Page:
27 Then the king said, “Do not kill the child, but give him to the woman who wants him to live, for she is his mother!”
28 When all Israel heard the king’s decision, the people were in awe of the king, for they saw the wisdom God had given him for rendering justice.
1 Kings 4
Solomon’s Officials and Governors
1 King Solomon now ruled over all Israel, 2 and these were his high officials:
Azariah son of Zadok was the priest.
3 Elihoreph and Ahijah, the sons of Shisha, were court secretaries.
Jehoshaphat son of Ahilud was the royal historian.
4 Benaiah son of Jehoiada was commander of the army.
Zadok and Abiathar were priests.
5 Azariah son of Nathan was in charge of the district governors.
Zabud son of Nathan, a priest, was a trusted adviser to the king.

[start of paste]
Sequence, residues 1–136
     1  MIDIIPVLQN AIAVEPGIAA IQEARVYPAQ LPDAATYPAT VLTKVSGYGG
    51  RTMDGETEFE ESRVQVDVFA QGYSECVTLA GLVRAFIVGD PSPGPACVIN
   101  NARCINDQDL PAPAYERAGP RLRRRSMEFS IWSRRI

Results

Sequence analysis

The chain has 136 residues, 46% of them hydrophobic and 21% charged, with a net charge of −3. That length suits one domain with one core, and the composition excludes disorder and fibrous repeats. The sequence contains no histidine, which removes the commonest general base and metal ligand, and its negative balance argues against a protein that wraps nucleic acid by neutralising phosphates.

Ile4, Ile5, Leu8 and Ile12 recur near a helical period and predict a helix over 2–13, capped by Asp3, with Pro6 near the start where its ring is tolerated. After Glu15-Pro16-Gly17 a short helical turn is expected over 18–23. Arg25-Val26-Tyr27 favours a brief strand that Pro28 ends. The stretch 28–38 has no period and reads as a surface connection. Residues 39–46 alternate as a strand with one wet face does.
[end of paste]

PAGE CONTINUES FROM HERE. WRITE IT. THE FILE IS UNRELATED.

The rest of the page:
6 Ahishar was manager of the palace property.
Adoniram son of Abda was in charge of forced labor.
7 Solomon also had twelve district governors who were over all Israel. They were responsible for providing food for the king’s household. Each of them arranged provisions for one month of the year. 8 These are the names of the twelve governors:
Ben-hur, in the hill country of Ephraim.
9 Ben-deker, in Makaz, Shaalbim, Beth-shemesh, and Elon-bethhanan.
10 Ben-hesed, in Arubboth, including Socoh and all the land of Hepher.
11 Ben-abinadab, in all of Naphoth-dor. (He was married to Taphath, one of Solomon’s daughters.)
12 Baana son of Ahilud, in Taanach and Megiddo, all of Beth-shan near Zarethan below Jezreel, and all the territory from Beth-shan to Abel-meholah and over to Jokmeam.
13 Ben-geber, in Ramoth-gilead, including the Towns of Jair (named for Jair of the tribe of Manasseh) in Gilead, and in the Argob region of Bashan, including sixty large fortified towns with bronze bars on their gates.